The target/backing plate assembly is to be heated either prior to or concurrently with the pressing step. In accordance with solid state bonding methods, these temperatures will be chosen so as to be just below the melting point of the lower melting component of the target-backing plate combination.

Preferably, the target/backing plate assembly is placed in a protective envelope, such as supplied by a stationary hard shell furnace or by encapsulating the assembly in a thin metal container. When the container approach is used, it can be evacuated through a tube or the like that is provided in the container. When a furnace is used, the atmosphere is controlled as stated supra., so that, preferably, a vacuum exists therein.

Pressure applied during the bonding operation may vary over a wide range. The pressure and time required for pressing are controlled so that a strong bond can be formed. Of primary importance is the fact that the grooved component should penetrate into the softer, non-grooved component so that the saw-toothed shaped grooves are substantially filled with this softer metal component. Pressure may vary from 2,000-15,000 psi depending on process conditions.

In accordance with the presently preferred method, a titanium target is diffusion bonded to an aluminum backing plate. A plurality of concentric grooves having a depth of 1/16" are machined in the bottom surface 6 of the titanium target. The target/backing plate assembly is positioned as shown in FIG. 2 and placed in a steel container that is then evacuated to vacuum condition. The assembly is heated to about 550°-625° C. (i.e., just below the melting point of the backing plate). The assembly is pressed at about 10,000 psi until the saw-tooth grooves in the titanium target are filled with aluminum. As another way of assessing the pressing step, the aluminum in the steel can is compressed approximately 1/8", about twice the height dimension of the grooves.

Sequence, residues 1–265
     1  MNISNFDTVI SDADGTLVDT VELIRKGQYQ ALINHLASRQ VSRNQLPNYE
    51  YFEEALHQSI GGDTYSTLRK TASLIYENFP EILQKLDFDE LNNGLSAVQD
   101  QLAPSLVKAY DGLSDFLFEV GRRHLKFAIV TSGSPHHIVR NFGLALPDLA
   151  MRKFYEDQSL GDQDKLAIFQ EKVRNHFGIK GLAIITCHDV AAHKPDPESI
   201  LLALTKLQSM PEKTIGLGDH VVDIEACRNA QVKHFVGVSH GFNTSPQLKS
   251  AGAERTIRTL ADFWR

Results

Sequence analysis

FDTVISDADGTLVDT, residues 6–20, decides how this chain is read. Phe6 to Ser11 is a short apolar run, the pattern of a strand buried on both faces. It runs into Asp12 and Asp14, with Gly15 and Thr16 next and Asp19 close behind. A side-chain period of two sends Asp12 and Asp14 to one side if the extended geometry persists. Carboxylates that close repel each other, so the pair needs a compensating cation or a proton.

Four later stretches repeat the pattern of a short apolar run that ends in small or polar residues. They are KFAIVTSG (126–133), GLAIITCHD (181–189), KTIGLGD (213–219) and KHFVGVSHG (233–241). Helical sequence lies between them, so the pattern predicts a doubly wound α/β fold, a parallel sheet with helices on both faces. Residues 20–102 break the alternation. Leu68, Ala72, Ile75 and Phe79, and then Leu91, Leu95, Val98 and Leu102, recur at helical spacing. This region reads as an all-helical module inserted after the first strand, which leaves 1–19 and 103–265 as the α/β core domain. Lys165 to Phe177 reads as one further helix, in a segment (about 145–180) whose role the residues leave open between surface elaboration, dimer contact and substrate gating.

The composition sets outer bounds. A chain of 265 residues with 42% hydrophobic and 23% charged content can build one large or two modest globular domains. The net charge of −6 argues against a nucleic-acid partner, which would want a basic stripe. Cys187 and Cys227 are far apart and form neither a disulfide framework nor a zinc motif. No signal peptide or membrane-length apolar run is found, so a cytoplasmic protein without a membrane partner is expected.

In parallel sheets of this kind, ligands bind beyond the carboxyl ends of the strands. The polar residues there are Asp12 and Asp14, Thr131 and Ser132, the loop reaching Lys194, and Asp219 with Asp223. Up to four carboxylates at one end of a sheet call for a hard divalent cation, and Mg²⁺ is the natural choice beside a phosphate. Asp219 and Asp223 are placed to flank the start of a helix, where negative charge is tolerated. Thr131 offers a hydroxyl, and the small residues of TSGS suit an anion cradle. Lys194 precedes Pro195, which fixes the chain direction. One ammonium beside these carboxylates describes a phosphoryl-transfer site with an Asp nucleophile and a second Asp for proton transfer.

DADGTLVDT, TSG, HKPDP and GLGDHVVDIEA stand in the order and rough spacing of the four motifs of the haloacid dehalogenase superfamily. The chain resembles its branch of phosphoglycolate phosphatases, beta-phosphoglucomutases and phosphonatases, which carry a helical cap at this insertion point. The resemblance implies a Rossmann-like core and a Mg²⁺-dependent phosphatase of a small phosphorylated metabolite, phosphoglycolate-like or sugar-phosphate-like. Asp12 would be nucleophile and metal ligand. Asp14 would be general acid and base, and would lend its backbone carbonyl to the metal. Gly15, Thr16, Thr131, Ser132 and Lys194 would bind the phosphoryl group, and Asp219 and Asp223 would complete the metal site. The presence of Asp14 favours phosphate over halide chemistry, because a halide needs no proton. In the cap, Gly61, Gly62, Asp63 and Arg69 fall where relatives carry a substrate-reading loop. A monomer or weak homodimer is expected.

In addition to the preferred bonding method, the assembly could also be placed in a HIP (hot isostatic pressing) can, and HIPed at a temperature of about 600° C. or less under HIPing pressures of about 15,000 psi. This is not preferred however due to its expensive nature.

Another alternative approach is to place a preheated target/backing plate assembly in a vacuum chamber and then press the assembly in an open platen type press or the like until adequate coalescence of the interfaces in accordance with the parameters mentioned above occurs.

Turning now to FIG. 3, there is shown underneath side 6 of target 2. A plurality of concentric grooves 8 are provided which, as per the above, are machined into the surface prior to bonding. Although concentric grooves are shown and are preferred, other closed-looped configurations including triangles, squares, rectangles, and ovals may also be used. The point is that the grooves or loops should be closed so that any oxygen trapped in the metal surface will be impeded from migrating out of the surface during the sputtering operation. Such migration would contaminate the sputtering chamber and could lead to the formation of impurities on the sputter-coated substrate.

In addition to use in conjunction with titanium target/aluminum backing plate assemblies, the invention is applicable to a host of other target/backing plate compositions. For example, a molybdenum target/copper backing plate assembly can be solid state bonded in accordance with the invention. In this case, the bottom side of the molybdenum target is grooved and the assembly would be heated to just below the melting point of the copper or copper alloy. In all of the possible target/backing plate combinations, the harder component is provided with the grooved, interfacial surface, and the heat applied, as per solid state bonding techniques, is controlled to temperatures below the melting point of the lower melting component.